Lipscomb University student says cotton centerpiece ‘points to a larger culture gap'

NASHVILLE, Tenn. (WKRN) - It started as a welcome gesture for a group of black students at a Nashville university, but what happened during a dinner with the school’s president left some with a bad taste in their mouth.

Race relations are taking center stage at Lipscomb University today. It’s not because of a class, or a lecture, but rather a dinner that went from cordial to controversial.

The centerpiece on the table was supposed to represent the fall season, but the stalks of cotton didn’t set well with some students.

Deion Sims was at the dinner last Thursday at the home of President Dr. Randy Lowry so he could hear their concerns and what the university could do better, but he and others took offense to what was on the center on the tables–and what was on the menu as well.

“I think the most offensive thing was the cotton centerpieces,” Sims said.

He went on to say, “At the dinner, we had heard previously from Latino students fajitas and then when we got there it was collar greens, cornbread and ribs and such.”

Sims, a senior pre-med major said Dr. Lowry has done some great things for the university, but more needs to be done.

“I don’t think Dr. Lowry was intentional or malicious in the cotton centerpieces. I think it points to a larger culture gap at this institution and that points to some changes that need to be made,” the student explained.

Lowry took full responsible for the centerpieces, even though he didn’t choose them personally.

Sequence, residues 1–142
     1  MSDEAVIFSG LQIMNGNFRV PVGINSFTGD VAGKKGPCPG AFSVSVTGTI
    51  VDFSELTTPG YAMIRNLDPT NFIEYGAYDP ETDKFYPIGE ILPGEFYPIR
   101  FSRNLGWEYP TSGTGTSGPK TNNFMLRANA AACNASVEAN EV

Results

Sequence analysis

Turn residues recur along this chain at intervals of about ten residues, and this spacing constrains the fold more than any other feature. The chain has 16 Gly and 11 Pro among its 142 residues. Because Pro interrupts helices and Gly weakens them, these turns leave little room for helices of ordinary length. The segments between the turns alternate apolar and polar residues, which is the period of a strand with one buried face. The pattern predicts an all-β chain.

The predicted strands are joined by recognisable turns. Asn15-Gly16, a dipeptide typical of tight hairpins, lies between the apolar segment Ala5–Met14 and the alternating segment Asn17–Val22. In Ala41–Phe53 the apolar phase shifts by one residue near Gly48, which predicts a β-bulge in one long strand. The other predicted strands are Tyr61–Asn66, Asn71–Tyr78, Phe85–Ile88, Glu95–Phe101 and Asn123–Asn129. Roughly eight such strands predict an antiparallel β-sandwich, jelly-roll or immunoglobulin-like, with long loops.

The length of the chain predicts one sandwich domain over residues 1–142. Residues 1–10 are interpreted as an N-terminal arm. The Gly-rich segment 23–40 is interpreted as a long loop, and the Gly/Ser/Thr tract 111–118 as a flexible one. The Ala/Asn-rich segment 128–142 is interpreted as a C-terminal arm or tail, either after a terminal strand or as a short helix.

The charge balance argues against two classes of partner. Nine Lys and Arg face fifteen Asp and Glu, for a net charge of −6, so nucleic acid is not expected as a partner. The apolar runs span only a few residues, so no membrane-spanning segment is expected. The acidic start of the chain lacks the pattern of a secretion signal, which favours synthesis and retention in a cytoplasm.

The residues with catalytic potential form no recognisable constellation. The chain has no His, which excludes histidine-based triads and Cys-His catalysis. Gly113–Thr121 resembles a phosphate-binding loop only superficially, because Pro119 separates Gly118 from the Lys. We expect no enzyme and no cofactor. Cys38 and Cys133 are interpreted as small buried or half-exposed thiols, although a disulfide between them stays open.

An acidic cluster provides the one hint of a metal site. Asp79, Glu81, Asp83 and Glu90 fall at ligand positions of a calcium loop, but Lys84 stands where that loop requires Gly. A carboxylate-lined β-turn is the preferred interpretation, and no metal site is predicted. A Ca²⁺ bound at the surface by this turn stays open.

“I understand, at least at a small level, the offense and the hurt, and I think as a Christian my obligation is to take responsibility and be accountable,” Lowry said.

Some black students took to social media and said they were highly offended. A student said the president’s initial response was, “’It isn’t inherently bad if we’re all wearing it,’ and walked off.”

The president said looking back things could have been handled differently.

“Cotton is rather neutral. God created it for all of us,” Lowry said. “The use of it there was offensive when one puts it in the context of the history they were thinking about. Because of that, I apologized the next day.”

Now the president is focused on putting the past behind him and moving forward.

“We will take this particular difficult moment and we will recognize in a crisis there is danger, there is opportunity, and we will try through lengthy conversation to have an airing of people’s concerns,” he said.

Dr. Lowry said in the 13 years of him being president the diversity of students has increased from 4 percent to 23 percent, numbers he’ll put up against any university in the state.

Late Monday afternoon, the Diverse Student Coalition, an organization hoping to make the university more welcoming and inclusive to all students, met on campus.

“We also need to make this an environment where they feel comfortable and you have an institution that is run by all-white majority male students, then you’re going to run into things like this,” Sims told News 2.

Lowry said there was no malice in serving the dinner; in fact, he says it was the same menu served at his mother-in-law’s birthday dinner a week before. He noted he plans on meeting with students individually and in small groups to address their concerns.


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